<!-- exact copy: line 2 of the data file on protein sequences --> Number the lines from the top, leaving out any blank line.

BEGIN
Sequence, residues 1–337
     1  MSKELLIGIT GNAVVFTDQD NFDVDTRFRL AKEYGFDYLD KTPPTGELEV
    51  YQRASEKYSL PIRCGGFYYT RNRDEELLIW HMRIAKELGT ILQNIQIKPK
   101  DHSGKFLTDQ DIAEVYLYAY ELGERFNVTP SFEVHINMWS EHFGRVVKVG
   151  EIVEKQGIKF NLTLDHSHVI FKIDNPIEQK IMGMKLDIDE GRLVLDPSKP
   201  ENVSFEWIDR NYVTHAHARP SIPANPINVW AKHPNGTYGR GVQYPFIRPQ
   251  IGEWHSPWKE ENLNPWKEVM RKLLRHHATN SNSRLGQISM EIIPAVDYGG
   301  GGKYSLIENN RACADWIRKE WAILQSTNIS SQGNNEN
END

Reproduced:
     1  MSKELLIGIT GNAVVFTDQD NFDVDTRFRL AKEYGFDYLD KTPPTGELEV